Thus, x is an extreme point when the columns of Aˉ\bold{\bar{A}} are linearly indeoendent.

Suppose that x is not an extreme point, then x=λy1+λy2\bold{x=\lambda y_1+\lambda y_2} for some y1,  y2P,  y1y2  and  0<λ<1\bold{y_1,\;y_2\in P,\; y_1\neq y_2\;\text{and}\;}0<\lambda<1.

Since y10,  y20\bold{y_1\geq0,\;y_2\geq0} and 0<λ<10<\lambda<1, the last npn-p components of y1\bold{y_1} must be zero, i.e.

y1=(yˉ0)\bold{y_1=\left(\begin{array}{c} \bar{\bold{y}}\\0 \end{array}\right)}

Now

xy1=(xˉyˉ10)0\bold{x-y_1=\left(\begin{array}{c} \bar{\bold{x}}-\bar{\bold{y}}_1\\0 \end{array}\right)\neq0}

and A(xyˉ1)=AxAyˉ1=bb=0\bold{A(x-\bold{\bar{y}}_1)=Ax-A\bar{\bold{y}}_1=b-b=0}, which indicates that the columns of A are linearly dependent.

Thus, the theorem is proofed.

Managing extreme points algebraically

Full rank matrix: Let A be an m by n matrix with mnm\leq n, we say A has full rank (since mnm\leq n, full row rank) if A has m linearly independent columns.

Rearrange x as

x=(xBxN)basic variablsnon-basic variables        A=(B        N)        basis        non-basis\bold{ x=\left(\begin{array}{c} \bold{x_B}\\\bold{x_N} \end{array}\right) \begin{array}{c} - & \text{basic variabls}\\ - & \text{non-basic variables} \end{array} }\;\;\;\; \begin{aligned} \bold{A}= (&\bold{B}&|\text{\;\;\;\;}&\bold{N}&)\\ &\uparrow&\text{\;\;\;\;}& \uparrow&\\ &\text{basis}&\text{\;\;\;\;}&\text{non-basis}& \end{aligned}

  • If we set xN=0\bold{x_N}=0 and solve xB\bold{x_B} for Ax=BxB=b\bold{Ax=Bx_B=b} then x is a basic solution\underline{basic\ solution} (bs).
  • Furthermore, if xB0\bold{x_B}\geq0, then x is a basic feasible solution\underline{basic\ feasible\ solution}.

We can see, when A does not have full rank, then either

  • Ax = b has no solution\underline{no\ solution} and hence P=0P=0, or
  • some constraints are redundant (which can be avoided by preprocessing matrix A).

Thus,

  1. A point x in P is an extreme point of P if and only if x is a basic feasible solution corresponding to some basis B.
  2. The polyhedron P has only a finite number of extreme points (less than CmnC_m^n).

What do extreme points bring us?

When P={xRnAx=b,x0}P=\{\bold{x\in R^n|Ax=b,x\geq0}\} is a nonempty polytope, then any point in P can be represented as a convex combination of the extreme points of P.

If P is unbounded, there exists an extremal direction.

  • Definition: A vector d(0)Rn\bold{d(\neq0)\in R^n} is an extremal direction of P, if {xRnx=x0+λd, λ0}P\{\bold{x\in R^n|x=x_0+\lambda d,\ \lambda\geq0\}\subset }P for all x0P\bold{x_0}\in P.
  • d satisfies Ad=0\bold{Ad=0} and d0\bold{d\geq 0}.

Resolution theorem

Let V={viRniI}\bold{V = \{v_i\in R^n|}i\in I\} be a set of extreme points of P, then for xP\forall x \in P

x=iIλivi+d\bold{x}=\sum\limits_{i\in I} \lambda_iv_i+\bold{d}

where

iIλi=1, λi0, iI.\sum\limits_{i\in I}\lambda_i=1,\ \lambda_i\geq0,\ \forall i\in I.

and either d=0\bold{d=0} or d is an extremal direction of P

Fundamental theorem of LP

For a standard form LP, if its feasible domain P is nonempty, then the optimal objective value of z=cTx over P\bold{z=c^Tx}\ over\ P is either unbounded below, or it is attained at (at least) an extreme point of P.

Lecture 4: Simplex Method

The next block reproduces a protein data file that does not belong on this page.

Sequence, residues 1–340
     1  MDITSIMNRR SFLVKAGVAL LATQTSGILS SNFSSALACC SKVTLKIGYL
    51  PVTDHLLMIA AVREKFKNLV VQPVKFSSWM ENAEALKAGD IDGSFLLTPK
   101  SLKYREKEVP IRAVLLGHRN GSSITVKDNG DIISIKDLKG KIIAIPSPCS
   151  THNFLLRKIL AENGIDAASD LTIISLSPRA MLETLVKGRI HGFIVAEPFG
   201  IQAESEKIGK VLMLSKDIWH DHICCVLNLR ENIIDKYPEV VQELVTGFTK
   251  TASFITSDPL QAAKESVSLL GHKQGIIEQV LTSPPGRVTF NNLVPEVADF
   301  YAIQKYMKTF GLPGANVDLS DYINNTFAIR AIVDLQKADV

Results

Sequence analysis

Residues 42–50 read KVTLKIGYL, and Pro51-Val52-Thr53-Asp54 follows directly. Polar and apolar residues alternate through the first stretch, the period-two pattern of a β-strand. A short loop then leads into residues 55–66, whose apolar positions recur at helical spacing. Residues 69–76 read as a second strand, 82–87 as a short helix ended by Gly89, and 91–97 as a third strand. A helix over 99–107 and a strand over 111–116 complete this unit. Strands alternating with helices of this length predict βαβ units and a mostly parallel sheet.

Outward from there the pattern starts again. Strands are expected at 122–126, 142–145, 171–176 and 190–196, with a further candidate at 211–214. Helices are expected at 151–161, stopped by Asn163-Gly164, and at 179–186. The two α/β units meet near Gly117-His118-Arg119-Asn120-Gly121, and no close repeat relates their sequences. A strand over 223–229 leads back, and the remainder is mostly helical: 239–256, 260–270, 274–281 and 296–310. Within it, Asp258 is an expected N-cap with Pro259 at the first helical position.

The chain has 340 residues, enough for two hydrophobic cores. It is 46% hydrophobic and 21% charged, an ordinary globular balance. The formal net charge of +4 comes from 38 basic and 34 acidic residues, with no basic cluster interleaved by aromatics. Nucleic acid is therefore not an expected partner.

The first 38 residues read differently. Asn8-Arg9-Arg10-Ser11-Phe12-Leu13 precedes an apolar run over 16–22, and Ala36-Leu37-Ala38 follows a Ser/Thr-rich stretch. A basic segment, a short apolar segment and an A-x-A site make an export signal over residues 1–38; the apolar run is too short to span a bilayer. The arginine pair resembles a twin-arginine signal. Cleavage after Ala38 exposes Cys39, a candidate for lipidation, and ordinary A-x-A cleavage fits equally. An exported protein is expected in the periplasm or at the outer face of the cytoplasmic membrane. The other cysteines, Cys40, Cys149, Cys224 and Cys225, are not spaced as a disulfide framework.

Basic Idea:

  • Phase 1:

    • Step 1 (Starting): Find an initial extreme point (ep) or declare P in null.
  • Phase 2:

    • Step 2 (Checking optimality): if the current eo is optimal, STOP.
    • Step 3 (Pivoting): Move to a better ep, then return to Step 2.

If we do not repeat using the same extreme point, then the algorithm will always terminates in finite number of iterations.

But how to efficiently generate better extreme points?

In the algebra term, we just need to use basic feasible solution to replace extreme point above.

If there exists at least one basic variable becoming zero, the extreme point may correspond to more than one basic feasible solution, in this case we say the bfs is a degenerate one.

Nondegeneracy

Property 1:

If a bfs x is nondegenerate, then x is uniquely determined by n hyperplanes.

Let M=[BN0I]\bold{M=}\left[\begin{array}{cc} \bold{B} & \bold{N}\\ \bold0 & \bold{I} \end{array}\right], M is a nonsingular matrix.

x is uniquely determined by n linearly independent hyperplanes since

Mx=[BN0I][xBxN]=[b0]\bold{Mx}=\left[\begin{array}{cc} \bold{B} & \bold{N}\\ \bold{0} & \bold{I} \end{array}\right]\left[\begin{array}{c} \bold{x_B}\\ \bold{x_N} \end{array}\right]=\left[\begin{array}{c} \bold{b}\\ \bold{0} \end{array}\right]

x=[xBxN]=M1[b0]\bold{x}=\left[\begin{array}{c} \bold{x_B}\\\bold{x_N} \end{array}\right]=\bold{M^{-1}}\left[\begin{array}{c} \bold{b}\\ \bold{0} \end{array}\right]

in which,

M1=[B1B1N0I]\bold{M^{-1}}=\left[\begin{array}{cc} \bold{B^{-1}} & \bold{-B^{-1}N}\\ \bold{0} & \bold{I} \end{array}\right]

We call M1\bold{M^{-1}} (or M) the fundamental matrix of LP.

Property 2:

If a bfs x is degenerate, then x is overdetermined by more than n hyperplanes.

Other than n hyperplanes determined by non-basic variables, there exists at least one basic variable that xi=0x_i=0, which indicates an extra hyperplane.

Simplex method under nondegeneracy

Basic idea:

Instead of considering all bfs at the same time, wo just consider some neighboring bfs, moving from one bfs to another with a simple pivoting scheme.

Definition

Two basic feasible solution are adjacent if they have m-1\textit{m-1} basic variables in common.

Each bfs has m-n\textit{m-n} adjacent neighbors, which can be reached by increasing one non basic variable from zero to positive and decrease one basic variable to 0, called pivoting.